On a serious note, this play can be directed in different ways.  Making choices as actors is fascinating, a process we all love.  It’s difficult and challenging, but exciting when you go through it with such a gifted and intelligent group. (Please, please don’t tell them that.)

Brunner: Can you share more about how all these incredible artists in your family helped shape you to become an actor?  

Crouse: Oh my goodness, everybody in my family was a writer. I wrote stories when I was young, but I found it hard to sit still. I had to get up and move. I turned to dance. Soon, however, I realized I wanted to to fully express my feelings about things—all my feelings. I wanted to speak all those magnificent things others in my family were so beautiful articulating in writing, so I turned to acting. 

My favorite fairy tale for many years was Rumplestilskin about a woman imprisoned and told to turn straw into gold until she finds out Rumplestiltskin’s name. 

Of course it seems impossible. Straw is dead grass. In the story it symbolizes all the deep unconscious, including the jumble of feelings in a person that that has been rejected, suppressed and never articulated. It’s also where all poetic archetypes reside. “Rumpeln” means to make a noise. And she does.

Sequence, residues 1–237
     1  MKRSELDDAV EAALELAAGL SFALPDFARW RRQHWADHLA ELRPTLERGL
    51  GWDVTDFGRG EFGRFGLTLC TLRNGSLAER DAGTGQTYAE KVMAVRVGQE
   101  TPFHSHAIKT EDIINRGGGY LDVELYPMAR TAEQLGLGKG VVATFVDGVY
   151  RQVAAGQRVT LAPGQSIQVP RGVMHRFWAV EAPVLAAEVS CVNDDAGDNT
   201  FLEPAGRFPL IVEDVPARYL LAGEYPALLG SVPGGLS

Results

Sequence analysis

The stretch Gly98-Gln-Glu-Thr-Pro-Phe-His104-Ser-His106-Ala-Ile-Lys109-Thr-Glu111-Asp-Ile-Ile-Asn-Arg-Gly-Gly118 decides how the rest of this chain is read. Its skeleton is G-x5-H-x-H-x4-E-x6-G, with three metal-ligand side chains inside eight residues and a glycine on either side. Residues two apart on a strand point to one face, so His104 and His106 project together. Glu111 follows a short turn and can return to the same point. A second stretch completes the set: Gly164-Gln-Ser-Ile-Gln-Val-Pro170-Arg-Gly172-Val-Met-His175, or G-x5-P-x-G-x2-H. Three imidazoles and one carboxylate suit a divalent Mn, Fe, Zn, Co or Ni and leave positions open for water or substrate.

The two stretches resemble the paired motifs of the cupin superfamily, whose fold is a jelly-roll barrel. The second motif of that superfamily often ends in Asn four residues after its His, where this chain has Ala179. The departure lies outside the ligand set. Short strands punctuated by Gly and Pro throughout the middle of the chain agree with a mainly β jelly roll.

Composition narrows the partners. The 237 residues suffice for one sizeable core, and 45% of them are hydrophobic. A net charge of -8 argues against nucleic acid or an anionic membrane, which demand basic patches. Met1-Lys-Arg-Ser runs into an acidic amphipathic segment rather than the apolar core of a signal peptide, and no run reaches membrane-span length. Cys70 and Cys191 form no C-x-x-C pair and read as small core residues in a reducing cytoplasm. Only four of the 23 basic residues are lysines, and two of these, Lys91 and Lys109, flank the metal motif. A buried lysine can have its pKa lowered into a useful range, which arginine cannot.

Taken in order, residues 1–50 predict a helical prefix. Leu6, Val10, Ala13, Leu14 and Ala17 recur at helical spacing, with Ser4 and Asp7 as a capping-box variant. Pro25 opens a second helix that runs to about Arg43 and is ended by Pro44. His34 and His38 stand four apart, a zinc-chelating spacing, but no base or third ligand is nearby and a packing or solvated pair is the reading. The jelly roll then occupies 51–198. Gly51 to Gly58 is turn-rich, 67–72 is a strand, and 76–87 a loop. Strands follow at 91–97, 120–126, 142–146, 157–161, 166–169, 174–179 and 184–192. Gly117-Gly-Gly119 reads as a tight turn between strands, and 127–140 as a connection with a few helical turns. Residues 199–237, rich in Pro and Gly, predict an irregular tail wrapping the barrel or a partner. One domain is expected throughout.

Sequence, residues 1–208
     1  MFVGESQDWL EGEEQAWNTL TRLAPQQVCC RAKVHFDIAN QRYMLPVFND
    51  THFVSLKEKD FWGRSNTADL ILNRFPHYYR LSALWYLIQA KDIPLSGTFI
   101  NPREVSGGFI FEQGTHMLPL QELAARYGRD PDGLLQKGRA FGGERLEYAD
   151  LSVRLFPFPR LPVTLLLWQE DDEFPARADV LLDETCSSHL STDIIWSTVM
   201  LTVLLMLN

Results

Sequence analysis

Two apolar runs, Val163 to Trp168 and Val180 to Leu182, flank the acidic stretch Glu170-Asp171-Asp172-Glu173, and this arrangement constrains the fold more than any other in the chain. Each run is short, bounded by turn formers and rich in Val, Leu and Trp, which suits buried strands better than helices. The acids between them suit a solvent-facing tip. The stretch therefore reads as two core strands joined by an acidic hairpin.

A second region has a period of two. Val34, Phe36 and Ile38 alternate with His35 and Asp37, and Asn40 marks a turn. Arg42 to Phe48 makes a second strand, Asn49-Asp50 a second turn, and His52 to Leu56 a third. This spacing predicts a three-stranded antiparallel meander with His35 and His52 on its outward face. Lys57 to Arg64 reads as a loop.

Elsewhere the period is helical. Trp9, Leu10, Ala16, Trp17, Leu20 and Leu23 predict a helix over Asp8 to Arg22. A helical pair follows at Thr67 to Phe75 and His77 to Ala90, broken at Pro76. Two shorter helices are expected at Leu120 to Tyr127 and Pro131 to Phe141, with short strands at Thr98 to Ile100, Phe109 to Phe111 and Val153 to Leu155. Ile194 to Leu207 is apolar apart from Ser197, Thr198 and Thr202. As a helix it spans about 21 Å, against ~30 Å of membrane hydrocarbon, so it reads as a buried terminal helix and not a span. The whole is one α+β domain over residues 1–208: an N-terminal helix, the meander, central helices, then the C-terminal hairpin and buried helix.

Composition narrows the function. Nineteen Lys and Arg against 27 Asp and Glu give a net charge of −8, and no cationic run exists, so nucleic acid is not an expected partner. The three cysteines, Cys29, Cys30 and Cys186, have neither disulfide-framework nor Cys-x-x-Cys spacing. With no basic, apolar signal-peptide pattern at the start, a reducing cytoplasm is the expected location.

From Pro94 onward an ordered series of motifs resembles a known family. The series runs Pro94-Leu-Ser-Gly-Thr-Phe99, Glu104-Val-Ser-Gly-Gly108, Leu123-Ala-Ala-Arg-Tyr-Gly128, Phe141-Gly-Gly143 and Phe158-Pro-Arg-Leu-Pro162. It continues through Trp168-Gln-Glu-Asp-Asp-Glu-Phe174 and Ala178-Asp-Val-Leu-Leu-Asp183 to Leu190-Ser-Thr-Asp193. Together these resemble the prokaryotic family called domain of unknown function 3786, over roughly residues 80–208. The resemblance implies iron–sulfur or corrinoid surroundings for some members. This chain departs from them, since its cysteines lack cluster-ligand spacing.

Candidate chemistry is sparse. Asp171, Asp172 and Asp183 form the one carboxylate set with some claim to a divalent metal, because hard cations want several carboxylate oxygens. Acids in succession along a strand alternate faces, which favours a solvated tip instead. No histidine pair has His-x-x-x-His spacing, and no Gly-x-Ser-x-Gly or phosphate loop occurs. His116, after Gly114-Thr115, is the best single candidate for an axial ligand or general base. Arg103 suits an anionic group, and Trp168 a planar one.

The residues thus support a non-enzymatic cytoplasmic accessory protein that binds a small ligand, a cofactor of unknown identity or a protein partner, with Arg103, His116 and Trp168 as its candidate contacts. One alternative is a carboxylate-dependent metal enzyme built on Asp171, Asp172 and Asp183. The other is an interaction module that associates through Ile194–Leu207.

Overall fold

Brunner: How did that story impact you? 

Crouse: That story spoke to me. It’s symbolic of the rehearsal process, of any creative act. As an actor you start with not knowing how you are going to play a part. And in the search you are forced to discover that you possess something of value to play it. What an amazing profession—to be able to take every form of expression you possess and turn it into gold.  For this you need a kind of baseline faith in yourself. It’s different from ego. It’s just the capacity to step up.  

Brunner: What role are you aching to perform or is it yet to be written? 

Crouse: Anything and everything. What comes up when I think about it is “toss it my way and let’s see.” I have ideas for things I’d like to create. Who knows? I’m a character actor, so anything’s possible. I’ll never stop. They’ll have to carry me off.